Last year, the lichen-loving world was shaken by the discovery that many (maybe most) lichens include yet another species, another fungus that lives as single cells, growing like yeast among the two (or three) known parts. The roles of these yeast components are unknown, but, since they are there, they likely provide some abilities that the other components don’t have. So lichens end up being miniature ecosystems that function as single organisms.
The combinations are very successful. Lichens live in the harshest environments on earth, deserts and Arctic and Alpine rocks, where sometimes no other groups can survive. They also abound in our local area with its alternating warmer, dry and colder, wet seasons. Worldwide, there are at least 15,000 described species (and many more waiting to be described). In the Pacific Northwest there are over 2,000.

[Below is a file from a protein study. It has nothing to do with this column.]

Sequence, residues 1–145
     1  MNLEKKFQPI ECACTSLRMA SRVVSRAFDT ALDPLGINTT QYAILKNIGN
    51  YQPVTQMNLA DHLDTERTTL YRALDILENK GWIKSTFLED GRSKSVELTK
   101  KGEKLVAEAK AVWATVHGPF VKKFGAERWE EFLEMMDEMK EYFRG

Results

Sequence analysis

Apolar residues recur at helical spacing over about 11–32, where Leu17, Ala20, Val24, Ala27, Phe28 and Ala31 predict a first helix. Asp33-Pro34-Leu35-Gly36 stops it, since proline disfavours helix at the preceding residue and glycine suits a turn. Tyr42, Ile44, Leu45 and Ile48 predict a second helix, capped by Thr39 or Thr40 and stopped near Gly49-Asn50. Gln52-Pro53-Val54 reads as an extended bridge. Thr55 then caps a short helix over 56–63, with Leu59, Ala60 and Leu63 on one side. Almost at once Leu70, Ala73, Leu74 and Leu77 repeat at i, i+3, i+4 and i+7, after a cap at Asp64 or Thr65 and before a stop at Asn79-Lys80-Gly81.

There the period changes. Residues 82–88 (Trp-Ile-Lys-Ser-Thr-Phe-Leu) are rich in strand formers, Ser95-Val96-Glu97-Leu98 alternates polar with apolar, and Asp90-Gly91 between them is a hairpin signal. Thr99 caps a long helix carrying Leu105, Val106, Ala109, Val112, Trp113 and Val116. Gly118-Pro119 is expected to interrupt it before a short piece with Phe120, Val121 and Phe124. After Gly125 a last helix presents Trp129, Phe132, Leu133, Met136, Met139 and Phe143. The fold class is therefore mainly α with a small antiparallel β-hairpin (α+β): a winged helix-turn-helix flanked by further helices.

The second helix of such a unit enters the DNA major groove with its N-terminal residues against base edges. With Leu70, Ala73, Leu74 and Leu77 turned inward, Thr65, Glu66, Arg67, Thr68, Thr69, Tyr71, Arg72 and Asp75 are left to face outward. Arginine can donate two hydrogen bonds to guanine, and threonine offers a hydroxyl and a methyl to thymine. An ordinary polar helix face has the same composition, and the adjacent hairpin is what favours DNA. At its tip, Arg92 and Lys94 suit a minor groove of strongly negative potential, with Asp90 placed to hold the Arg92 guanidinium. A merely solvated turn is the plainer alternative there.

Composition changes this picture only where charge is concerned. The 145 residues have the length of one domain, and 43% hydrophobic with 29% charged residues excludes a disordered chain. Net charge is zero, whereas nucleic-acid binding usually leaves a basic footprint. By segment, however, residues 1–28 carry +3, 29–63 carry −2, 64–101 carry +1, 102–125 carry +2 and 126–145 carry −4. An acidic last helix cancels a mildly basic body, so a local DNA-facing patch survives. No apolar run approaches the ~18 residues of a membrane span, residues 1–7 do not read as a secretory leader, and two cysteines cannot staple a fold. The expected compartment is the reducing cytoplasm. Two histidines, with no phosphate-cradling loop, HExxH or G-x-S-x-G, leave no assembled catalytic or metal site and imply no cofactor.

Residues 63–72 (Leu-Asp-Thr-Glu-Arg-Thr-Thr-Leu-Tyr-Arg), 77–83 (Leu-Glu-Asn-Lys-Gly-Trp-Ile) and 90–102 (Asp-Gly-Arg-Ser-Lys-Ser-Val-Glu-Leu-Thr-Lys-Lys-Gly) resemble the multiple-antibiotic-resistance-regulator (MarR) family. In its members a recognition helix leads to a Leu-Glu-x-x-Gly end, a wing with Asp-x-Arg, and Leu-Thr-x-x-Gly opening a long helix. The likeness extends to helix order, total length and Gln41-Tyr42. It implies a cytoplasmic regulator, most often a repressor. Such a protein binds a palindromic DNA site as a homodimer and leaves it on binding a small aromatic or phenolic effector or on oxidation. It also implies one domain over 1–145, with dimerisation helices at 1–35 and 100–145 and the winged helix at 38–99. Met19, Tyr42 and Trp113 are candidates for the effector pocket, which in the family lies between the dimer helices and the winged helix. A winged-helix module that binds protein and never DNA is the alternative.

The lichen body is called a thallus, which is just a term that means plant-like without true stems, leaves and roots. Lichens are opportunists that require only a foothold and occasional access to rainwater, which supplies them with all the minerals they need. And the algal residents supply the carbon molecules.
Lichens have no roots, only points of attachment to their substrate, or they may dangle loosely among needles or leaves without attaching firmly to anything. East of the Cascades there are “vagrant” lichens that have no attachment and roll around like tumbleweed. The sponge-like structure of the fungal parts and the food-making algae combine their talents to keep the species alive. By international agreement, the scientific name of a lichen species is the name of the fungal component. However, the fact there may be two fungi in each lichen is going to require some new agreements.
Back to Usnea quasirigida. When I first saw this up in British Columbia, it was being called Usnea rigida, another apotheciate (with cups) species now known only from Europe. In North America, there are several other apotheciate species in the northeast, southeast, California and elsewhere in the southwest. Further study of these and other Usneas showed that the local species is distinct chemically and genetically and deserves its own species name.